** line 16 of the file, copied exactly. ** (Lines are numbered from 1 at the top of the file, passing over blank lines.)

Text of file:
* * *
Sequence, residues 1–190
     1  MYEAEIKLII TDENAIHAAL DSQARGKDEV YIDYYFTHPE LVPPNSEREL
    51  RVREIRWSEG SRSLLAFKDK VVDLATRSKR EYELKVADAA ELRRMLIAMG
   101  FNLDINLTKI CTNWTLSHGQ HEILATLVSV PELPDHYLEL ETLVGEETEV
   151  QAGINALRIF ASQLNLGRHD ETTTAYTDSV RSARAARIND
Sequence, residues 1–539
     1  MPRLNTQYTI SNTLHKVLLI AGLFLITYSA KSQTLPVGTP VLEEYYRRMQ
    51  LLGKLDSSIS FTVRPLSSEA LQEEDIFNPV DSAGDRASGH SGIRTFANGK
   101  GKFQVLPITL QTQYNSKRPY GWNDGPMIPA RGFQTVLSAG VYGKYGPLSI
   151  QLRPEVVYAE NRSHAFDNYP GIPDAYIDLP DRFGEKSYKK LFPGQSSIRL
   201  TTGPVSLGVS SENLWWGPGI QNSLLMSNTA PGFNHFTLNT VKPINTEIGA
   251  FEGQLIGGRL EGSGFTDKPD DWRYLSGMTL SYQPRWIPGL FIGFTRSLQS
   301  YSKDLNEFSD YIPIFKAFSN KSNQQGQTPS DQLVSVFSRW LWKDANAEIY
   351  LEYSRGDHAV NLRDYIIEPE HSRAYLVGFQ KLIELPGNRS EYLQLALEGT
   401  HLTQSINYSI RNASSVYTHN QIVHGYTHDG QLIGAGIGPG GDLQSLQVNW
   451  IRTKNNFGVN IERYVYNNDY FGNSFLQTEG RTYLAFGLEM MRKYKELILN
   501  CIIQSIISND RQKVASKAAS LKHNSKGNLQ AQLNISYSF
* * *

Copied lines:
   451  IRTKNNFGVN IERYVYNNDY FGNSFLQTEG RTYLAFGLEM MRKYKELILN